The U.S. Supreme Court ruled Saturday that Texas can enforce strict voter identification requirements in the upcoming November election, despite a lower court ruling that the law intentionally discriminates against minority voters.
The Roberts Court rejected the emergency appeal filed by civil rights organizations and the Department of Justice to reinstate a lower court ruling that struck down the Texas voter ID law as unconstitutional. Justice Ruth Bader Ginsburg, in her dissent, pointed to Texas’ long history of racially motivated voter ID laws and said the Supreme Court’s ruling could disenfranchise hundreds of thousands of Black and Latino voters.
Following a nine-day trial, U.S. District Judge Nelva Gonzalez Ramos called the 2011 law the equivalent of a poll tax that had been passed during a “racially charged” legislative session. Gonzalez Ramos concluded that the bills’ sponsors were “motivated, at the very least in part, because of and not merely in spite of the voter ID law’s detrimental effects on the African-American and Hispanic electorate” and that if enforced the law threatened to disenfranchise as many as 600,000 voters, many of them Black or Latino.
“Based on the testimony and numerous statistical analyses provided at trial, this Court finds that approximately 608,470 registered voters in Texas, representing approximately 4.5% of all registered voters, lack qualified SB 14 ID and of these, 534,512 voters do not qualify for a disability exemption,” Gonzalez Ramos wrote.
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Texas Attorney General Greg Abbott (R) appealed Gonzalez Ramos’ decision to the conservative Fifth Circuit Court of Appeals, which put her decision on hold, citing a 2006 Supreme Court opinion that instructs judges not to change voting rules too close to Election Day.
Texas had enforced its voter ID requirements in elections since the Supreme Court’s 2013 Shelby County v. Holder decision that largely gutted the Voting Rights Act.
Justice Department attorneys and representatives of civil rights organizations challenging the law filed an emergency appeal with Justice Antonin Scalia, who oversees requests from the Fifth Circuit.
Scalia in turn referred the matter to the entire Supreme Court for consideration.
The Supreme Court order, released early Saturday morning, included a scathing dissent authored by Justice Ginsburg and joined by Justices Sonia Sotomayor and Elena Kagan.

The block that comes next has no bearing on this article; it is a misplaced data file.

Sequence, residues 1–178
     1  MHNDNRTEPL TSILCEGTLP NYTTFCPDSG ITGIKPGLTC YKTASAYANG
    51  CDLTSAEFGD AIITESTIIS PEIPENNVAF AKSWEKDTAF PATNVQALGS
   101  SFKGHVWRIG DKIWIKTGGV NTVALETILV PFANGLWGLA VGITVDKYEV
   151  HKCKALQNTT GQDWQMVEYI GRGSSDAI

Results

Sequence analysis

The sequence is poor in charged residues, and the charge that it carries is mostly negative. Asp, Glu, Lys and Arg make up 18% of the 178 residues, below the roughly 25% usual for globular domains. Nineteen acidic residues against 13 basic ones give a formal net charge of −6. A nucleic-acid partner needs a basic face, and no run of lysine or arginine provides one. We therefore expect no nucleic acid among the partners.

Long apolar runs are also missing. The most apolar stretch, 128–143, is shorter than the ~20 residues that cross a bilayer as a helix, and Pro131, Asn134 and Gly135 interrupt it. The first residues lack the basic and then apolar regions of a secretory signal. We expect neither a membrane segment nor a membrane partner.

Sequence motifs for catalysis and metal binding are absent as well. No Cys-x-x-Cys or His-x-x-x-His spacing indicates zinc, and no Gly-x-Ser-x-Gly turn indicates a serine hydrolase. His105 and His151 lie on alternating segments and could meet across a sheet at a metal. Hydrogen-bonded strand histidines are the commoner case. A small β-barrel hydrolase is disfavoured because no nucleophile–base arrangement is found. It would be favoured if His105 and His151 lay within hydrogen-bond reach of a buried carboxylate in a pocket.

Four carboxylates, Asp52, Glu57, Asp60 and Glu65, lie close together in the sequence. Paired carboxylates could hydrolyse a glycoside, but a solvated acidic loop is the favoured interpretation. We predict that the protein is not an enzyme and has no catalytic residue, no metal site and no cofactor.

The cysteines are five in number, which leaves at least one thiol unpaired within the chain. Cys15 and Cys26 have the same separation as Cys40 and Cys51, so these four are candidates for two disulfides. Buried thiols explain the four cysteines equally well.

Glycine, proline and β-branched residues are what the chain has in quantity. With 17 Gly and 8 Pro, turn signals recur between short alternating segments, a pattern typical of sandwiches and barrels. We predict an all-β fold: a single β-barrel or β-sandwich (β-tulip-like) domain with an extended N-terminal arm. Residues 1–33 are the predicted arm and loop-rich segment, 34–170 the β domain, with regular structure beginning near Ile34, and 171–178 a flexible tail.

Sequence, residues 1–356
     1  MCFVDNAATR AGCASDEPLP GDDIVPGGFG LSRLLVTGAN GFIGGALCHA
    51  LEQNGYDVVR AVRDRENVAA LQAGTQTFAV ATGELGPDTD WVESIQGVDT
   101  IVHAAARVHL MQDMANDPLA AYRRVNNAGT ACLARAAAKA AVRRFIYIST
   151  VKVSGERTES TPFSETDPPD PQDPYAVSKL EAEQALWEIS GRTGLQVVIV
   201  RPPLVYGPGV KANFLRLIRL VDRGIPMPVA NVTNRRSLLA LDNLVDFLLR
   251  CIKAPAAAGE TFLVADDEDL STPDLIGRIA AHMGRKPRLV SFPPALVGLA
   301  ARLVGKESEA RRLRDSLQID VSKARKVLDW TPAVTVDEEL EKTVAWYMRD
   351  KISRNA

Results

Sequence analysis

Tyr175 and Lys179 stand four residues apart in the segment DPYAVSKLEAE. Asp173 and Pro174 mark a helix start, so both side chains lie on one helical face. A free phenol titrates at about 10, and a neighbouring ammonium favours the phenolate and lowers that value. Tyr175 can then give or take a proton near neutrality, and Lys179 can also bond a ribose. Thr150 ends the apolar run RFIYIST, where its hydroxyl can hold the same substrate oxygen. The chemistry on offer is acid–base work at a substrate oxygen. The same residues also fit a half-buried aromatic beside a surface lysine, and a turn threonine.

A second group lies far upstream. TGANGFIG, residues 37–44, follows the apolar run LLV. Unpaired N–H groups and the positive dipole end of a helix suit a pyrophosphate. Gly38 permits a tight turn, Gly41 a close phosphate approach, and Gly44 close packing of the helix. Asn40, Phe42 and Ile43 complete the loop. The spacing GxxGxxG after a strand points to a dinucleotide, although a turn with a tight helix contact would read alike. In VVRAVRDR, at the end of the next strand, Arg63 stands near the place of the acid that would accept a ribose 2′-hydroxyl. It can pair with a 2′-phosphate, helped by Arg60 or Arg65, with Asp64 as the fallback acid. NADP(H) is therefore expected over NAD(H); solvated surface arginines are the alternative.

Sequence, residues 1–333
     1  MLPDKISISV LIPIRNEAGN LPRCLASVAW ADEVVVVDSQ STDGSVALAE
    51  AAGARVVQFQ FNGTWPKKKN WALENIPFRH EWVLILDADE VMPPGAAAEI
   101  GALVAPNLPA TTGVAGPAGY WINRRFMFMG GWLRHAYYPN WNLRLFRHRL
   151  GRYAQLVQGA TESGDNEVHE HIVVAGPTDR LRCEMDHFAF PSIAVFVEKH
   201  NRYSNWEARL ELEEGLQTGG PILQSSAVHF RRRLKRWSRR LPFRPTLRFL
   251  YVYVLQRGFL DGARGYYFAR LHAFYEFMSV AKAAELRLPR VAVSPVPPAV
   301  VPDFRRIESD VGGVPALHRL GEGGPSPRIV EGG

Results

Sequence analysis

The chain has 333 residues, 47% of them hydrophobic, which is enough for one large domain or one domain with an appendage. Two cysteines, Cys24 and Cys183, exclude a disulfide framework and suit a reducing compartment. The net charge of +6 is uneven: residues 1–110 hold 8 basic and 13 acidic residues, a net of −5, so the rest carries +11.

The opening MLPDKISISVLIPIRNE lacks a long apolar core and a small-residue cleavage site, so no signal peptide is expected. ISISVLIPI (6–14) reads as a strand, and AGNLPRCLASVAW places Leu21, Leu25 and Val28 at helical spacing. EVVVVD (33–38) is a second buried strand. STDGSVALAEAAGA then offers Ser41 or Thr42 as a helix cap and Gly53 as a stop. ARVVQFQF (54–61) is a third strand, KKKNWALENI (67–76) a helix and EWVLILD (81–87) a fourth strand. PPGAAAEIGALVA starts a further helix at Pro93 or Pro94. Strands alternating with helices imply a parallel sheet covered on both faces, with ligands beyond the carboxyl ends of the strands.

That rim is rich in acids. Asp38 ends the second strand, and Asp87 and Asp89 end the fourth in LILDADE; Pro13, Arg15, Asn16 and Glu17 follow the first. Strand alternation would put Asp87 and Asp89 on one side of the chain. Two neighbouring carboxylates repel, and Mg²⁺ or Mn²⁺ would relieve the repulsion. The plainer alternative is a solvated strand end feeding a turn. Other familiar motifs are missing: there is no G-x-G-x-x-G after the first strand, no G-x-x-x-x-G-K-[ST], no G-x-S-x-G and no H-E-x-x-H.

“The greatest threat to public confidence in elections in this case is the prospect of enforcing a purposefully discriminatory law, one that likely imposes an unconstitutional poll tax and risks denying the right to vote to hundreds of thousands of eligible voters,” Ginsburg wrote.
“The potential magnitude of racially discriminatory voter disenfranchisement counseled hesitation before disturbing the District Court’s findings and final judgment,” Ginsburg continued. “Senate Bill 14 may prevent more than 600,000 registered Texas voters (about 4.5% of all registered voters) from voting in person for lack of compliant identification. A sharply disproportionate percentage of those voters are African-American or Hispanic.”
Ginsburg closed by noting that “racial discrimination in elections in Texas is no mere historical artifact. To the contrary, Texas has been found in violation of the Voting Rights Act in every redistricting cycle from and after 1970.”
The Texas voter ID case represents the first time the Court has allowed a law restricting voters’ rights to be enforced after a federal court ruled it unconstitutional because it intentionally discriminates against minorities, according to SCOTUSblog. Saturday’s order by the Roberts Court is not an ultimate ruling on the merits of the Texas voter ID law, which means the fight over Texas voter ID is likely to find its way back before the high court after the Fifth Circuit rules.
This is also the third time since the start of the Court’s term in October that it has intervened in disputes over Republican-led restrictions on voting rights.
Previously, the Court blocked Wisconsin’s voter ID law from being enforced in the November election. And the Court allowed limits on same-day registration, early voting, and provisional ballots in North Carolina and Ohio to take or remain in effect.
Early voting in Texas begins Monday.